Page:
Stack Overflow is a community of 4.7 million programmers, just like you, helping each other.

Join them; it only takes a minute:

Sign up
Join the Stack Overflow community to:
  1. Ask programming questions
  2. Answer and help your peers
  3. Get recognized for your expertise

I am currently working on some scripts that automate a lot of stuff and are fairly medium sized. I have started to follow certain things to make my scripts generic and portable like:

  • administrator login for scheduling scripts
  • use of absolute paths
  • use of config files
  • use write-host when developing and switch to logging when deploying (debugging)

I would be most interested in knowing if there are any standard scripting techniques and guidelines out there that aim to make a script developers life simple. I work on both perl and powershell, so a more generalized advice would be most welcome and appreciated.

Thanks for any help in advance.

share|improve this question
When you say 'use of absolute paths', do you mean 'you use absolute paths' or 'you avoid using absolute paths'? The former tends to lead to non-portability; the latter to portability. – Jonathan Leffler May 4 '11 at 6:31
I meant use of absolute paths is better. I am thinking this because my script has to work flawlessly without throwing error wherever it gets called from. I am not sure I understand how it leads to non-portability. Could you please elaborate a bit more on this? Thanks. – Nanda May 4 '11 at 6:37
It means that every machine has to have everything in the same place. As soon as something else is where you wanted to put your script, or there is no space left for your script, then you have a major problem on your hands. – Jonathan Leffler May 4 '11 at 6:52
This makes a lot of sense to me to not use the absolute paths. Thanks for the insight. – Nanda May 4 '11 at 12:11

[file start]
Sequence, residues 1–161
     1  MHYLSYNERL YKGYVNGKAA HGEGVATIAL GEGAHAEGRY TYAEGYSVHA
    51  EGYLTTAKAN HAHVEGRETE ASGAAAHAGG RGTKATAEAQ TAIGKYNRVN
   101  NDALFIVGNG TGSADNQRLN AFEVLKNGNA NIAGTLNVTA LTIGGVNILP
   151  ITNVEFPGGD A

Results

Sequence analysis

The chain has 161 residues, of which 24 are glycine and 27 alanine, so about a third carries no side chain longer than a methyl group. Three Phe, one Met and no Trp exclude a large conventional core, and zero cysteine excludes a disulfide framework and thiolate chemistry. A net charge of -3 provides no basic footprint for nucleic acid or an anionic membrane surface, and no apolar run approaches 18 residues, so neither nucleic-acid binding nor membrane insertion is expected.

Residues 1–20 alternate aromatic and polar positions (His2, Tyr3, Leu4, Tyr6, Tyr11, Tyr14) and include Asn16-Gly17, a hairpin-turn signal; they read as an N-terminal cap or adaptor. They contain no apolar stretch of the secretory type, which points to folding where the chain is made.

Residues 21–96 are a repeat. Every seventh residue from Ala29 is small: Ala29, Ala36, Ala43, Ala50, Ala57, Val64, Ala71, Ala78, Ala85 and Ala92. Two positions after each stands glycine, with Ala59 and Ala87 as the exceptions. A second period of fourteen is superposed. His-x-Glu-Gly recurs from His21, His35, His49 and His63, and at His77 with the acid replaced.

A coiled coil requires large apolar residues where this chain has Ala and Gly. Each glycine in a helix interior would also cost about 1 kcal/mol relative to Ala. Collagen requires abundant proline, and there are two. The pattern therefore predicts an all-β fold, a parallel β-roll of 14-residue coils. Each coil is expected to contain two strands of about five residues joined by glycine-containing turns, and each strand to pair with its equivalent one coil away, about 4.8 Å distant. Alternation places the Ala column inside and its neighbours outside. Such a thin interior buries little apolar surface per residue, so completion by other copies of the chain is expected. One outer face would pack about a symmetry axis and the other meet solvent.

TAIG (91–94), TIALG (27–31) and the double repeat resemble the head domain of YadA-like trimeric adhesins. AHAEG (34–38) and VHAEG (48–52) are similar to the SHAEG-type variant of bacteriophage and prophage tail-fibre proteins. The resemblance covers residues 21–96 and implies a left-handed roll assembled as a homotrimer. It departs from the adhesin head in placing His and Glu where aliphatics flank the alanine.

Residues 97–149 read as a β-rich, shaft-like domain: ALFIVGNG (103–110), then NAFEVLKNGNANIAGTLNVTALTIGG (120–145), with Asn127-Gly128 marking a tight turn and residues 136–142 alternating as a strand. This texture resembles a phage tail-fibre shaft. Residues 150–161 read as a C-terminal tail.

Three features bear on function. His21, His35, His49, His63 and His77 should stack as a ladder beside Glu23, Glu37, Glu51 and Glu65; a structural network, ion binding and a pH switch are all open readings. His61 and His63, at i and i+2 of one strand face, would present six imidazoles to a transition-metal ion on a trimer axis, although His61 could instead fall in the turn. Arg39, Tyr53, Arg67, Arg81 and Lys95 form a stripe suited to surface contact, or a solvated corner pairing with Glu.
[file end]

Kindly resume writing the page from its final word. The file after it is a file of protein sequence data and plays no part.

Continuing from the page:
up vote 6 down vote accepted

This is kind of broad and I'm sure subjective. However, I've done some scripting work and can offer some things I've learnt from experience.

  1. Make your scripts data driven. Hardcode as few things as possible. All things like paths, resource locations etc. should be changeable from a config file rather than by editing the main script. This ties in with your point about absolute paths. Hardcoding all the paths is a no no. Making everything relative imposes too many constraints. It would be nice to have a single variable called, for example, DATA_ROOT which you can modify and then have all the routines refer to things like ${DATA_ROOT}/resources/images etc. A ${PROGRAM_ROOT} would be useful too so that you can have multiple installations of your suite to test etc.
  2. Error checking. Scripting languages are often dynamically typed so make sure you check the return value of every thing you do. It might even make sense to make a library with which you can do things like call_safely(fn, arg0, arg1,.. ) and call_and_abort_on_failure(fn, arg0, arg1,...).
  3. Comment and document liberally. Scripts are easier to modify that compiled programs and so they're often patched in the wrong ways when people want to extend them. Make sure that your APIs are well documented so that when people want to, for example, add a new command line option, they know how to do it rather than write a wrapper script on top of yours.
  4. Make one script do one thing and write aggregators if you need. scripts that have if(FLAG) {do_something} else {do_something_completely_different} will kill you. Make your scripts do one thing and do it well and if you want, you can write wrappers that delegate to these scripts as necessary (for a better user experience).